What is Taijiquan?


Taijiquan is an ancient healing and martial art developed in China. The purpose of Taijiquan is to develop a more specific personal relationship between the practitioner's body, mind and spirit. Effective Taijiquan practice can reduce the likelihood of sickness and stress and aid in the prevention of disease. Effective practice means a strong understanding of basic hand and foot movements coupled with an understanding of internal principles. These internal principles are defined as: Stillness, Patience, Diligence, Continuous and Exactness. Taijiquan is a safe, effective, natural way to improve one's life.


Taijiquan is an elaborate method of Qigong and what makes it more useful is that it can be applied as a method of self defense. Instruction combines not only learning a series of forms, but the principles of internal energy development as well as the weapons and push hand exercises associated with those styles, providing the opportunity to engage in basic as well as in-depth learning.
The Yang Style's big movements and upright stance is best known in the United States.


A History of Tai Chi Chuan

More than 300 different known martial arts styles are practiced in China. There are two Chinese Martial Art systems, the internal and the external systems. The internal system includes Tai Chi, Sheng-I and Pa-Qua styles. The emphasize stability and have limited jumps and kicks. The external system includes Shao Lin, Long Fist, Southern Fist, and other styles. They emphasize linear movements, breathing combined with sound, strength, speed and hard power impact contact, jumps, and kicks.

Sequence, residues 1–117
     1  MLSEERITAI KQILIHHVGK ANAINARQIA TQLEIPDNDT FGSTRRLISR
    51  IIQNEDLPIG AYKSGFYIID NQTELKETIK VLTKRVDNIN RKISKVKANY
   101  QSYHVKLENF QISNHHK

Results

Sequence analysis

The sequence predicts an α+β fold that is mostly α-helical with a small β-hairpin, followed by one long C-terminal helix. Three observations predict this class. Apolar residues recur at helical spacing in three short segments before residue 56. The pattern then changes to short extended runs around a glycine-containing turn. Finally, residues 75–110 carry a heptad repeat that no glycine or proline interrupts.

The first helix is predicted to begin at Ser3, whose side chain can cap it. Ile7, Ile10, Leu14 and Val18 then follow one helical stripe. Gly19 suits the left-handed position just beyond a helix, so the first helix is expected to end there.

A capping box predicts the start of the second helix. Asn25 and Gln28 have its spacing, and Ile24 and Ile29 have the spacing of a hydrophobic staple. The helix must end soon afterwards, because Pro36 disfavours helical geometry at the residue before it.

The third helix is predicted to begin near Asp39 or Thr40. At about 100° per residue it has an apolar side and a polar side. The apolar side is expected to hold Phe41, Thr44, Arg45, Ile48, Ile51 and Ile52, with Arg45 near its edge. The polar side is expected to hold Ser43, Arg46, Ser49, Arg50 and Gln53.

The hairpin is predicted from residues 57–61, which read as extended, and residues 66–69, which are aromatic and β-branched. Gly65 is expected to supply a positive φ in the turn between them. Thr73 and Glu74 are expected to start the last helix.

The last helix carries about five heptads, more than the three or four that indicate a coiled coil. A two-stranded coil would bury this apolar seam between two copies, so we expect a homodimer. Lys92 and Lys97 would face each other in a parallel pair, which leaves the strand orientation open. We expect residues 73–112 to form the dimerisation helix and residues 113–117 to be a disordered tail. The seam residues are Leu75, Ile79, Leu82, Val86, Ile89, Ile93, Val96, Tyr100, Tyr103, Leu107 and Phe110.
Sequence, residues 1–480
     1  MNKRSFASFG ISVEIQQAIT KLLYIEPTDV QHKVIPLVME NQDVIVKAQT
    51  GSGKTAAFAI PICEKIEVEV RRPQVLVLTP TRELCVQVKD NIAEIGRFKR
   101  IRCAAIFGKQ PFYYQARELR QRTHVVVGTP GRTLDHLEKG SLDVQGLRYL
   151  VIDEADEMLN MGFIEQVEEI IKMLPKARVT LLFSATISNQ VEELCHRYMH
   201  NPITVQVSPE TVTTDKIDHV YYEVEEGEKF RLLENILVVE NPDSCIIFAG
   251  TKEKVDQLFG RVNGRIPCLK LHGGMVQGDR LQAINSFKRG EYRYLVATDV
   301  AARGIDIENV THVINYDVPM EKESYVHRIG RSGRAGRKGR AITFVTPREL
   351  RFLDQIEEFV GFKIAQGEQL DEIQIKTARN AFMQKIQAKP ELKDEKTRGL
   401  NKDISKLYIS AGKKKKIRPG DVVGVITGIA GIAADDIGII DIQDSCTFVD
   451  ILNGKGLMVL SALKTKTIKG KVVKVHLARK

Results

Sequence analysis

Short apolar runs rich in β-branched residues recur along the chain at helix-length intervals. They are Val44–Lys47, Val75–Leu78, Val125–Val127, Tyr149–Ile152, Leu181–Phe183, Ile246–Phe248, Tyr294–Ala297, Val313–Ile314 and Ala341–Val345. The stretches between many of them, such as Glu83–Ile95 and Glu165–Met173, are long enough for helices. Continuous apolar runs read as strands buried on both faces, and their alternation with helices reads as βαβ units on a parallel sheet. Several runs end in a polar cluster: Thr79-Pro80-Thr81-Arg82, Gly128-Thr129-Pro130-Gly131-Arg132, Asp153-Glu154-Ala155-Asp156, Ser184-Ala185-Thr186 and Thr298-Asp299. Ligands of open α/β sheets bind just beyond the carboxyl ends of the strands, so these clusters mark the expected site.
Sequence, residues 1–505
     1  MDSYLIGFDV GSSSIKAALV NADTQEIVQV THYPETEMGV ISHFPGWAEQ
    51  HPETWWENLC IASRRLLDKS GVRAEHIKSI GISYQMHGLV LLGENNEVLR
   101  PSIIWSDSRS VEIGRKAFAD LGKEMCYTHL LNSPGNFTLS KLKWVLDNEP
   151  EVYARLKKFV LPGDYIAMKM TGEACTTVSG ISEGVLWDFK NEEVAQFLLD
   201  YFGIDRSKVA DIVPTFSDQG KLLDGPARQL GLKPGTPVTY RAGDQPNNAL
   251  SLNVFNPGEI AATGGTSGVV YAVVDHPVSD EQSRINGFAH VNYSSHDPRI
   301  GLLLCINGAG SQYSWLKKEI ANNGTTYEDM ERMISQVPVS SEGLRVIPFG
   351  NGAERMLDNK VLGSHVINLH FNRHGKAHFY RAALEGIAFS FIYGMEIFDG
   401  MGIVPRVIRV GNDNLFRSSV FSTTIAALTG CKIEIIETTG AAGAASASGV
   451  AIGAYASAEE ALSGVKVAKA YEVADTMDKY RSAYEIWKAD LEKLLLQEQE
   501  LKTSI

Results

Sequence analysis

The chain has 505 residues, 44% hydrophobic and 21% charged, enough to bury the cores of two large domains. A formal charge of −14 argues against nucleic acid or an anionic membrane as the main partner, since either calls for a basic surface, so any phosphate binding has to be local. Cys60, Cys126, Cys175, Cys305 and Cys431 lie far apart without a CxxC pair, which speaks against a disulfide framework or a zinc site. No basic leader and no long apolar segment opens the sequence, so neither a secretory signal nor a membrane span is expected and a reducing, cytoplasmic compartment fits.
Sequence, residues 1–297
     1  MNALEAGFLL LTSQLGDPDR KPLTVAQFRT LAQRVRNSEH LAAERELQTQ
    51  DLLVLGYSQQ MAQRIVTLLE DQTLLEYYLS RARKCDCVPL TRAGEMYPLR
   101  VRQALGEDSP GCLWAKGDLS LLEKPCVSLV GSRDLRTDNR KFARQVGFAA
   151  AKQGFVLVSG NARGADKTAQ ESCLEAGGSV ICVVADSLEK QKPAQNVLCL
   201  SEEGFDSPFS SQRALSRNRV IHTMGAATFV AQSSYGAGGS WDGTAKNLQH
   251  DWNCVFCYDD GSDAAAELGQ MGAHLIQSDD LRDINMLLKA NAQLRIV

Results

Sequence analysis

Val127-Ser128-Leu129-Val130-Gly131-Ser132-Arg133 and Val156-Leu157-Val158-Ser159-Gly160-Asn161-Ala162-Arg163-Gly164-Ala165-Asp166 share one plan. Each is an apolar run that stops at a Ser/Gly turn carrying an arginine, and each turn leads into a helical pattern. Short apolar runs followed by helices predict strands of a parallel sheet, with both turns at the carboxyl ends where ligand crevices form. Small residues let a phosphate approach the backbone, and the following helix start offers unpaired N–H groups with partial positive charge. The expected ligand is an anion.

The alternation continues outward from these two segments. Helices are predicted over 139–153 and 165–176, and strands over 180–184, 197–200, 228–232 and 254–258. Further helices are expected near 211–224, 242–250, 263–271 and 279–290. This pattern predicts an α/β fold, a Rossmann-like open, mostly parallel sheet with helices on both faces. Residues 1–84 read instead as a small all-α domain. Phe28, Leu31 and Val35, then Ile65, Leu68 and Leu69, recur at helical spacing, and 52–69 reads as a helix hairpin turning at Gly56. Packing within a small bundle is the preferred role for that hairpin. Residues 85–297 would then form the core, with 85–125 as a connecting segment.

There are many different styles or families of Tai Chi Chuan. The six which are practiced most commonly today are the Yang, Chen, Wu , Sun, Wang and Wu Hao styles. All Tai Chi styles, however, are derived from the original Chen family style.


Some people believe that Tai Chi was developed by a Taoist Priest from a temple in China's Wu Dong Mountains. It is said that he once observed a white crane preying on a snake, and mimiced their movements to create the unique Tai Chi martial art style.


Initially, Tai Chi was practiced as a fighting form, emphasizing strength, balance, flexibility, and speed. Through time it has evolved into a soft, slow, and gentle form of exercise which can be practiced by people of all ages.


The Development Of Chen Taijiquan

The Chen Family Cannon Pounding Art (Pao Chui)


The Chen family assimilated all the arts they practiced and created their own version of the predominant art which they practiced, Cannon Pounding (Pao Chui), derived from the original Shaolin Cannon Pounding art. Sung Tai Zhu Chang Chuan formed a major part of this new art and there were elements from Shaolin Red Fist in it.
What resulted is five routines of Chen family Pao Chui and one routine of `Short Hitting' (duan da) and the song formula stated a total of a 108 postures consisting the art. There is much confusion over this particular song formula but on closer examination the correct name should be 'Boxing Canon Complete Formula' and is only found in the later Liang Yi Tang Ben manual. By the time the Wen Xiu Tang Ben Chen family martial arts manual was written it was noted that the `second and third routines are lost'. The Wen Xiu Tang Ben makes no reference to an art called Taijiquan or '13 postures' or 13 anything for that matter. So it is an early reference to the state of the Chen family arts before the advent of the Taijiquan of the Chen family that we know today.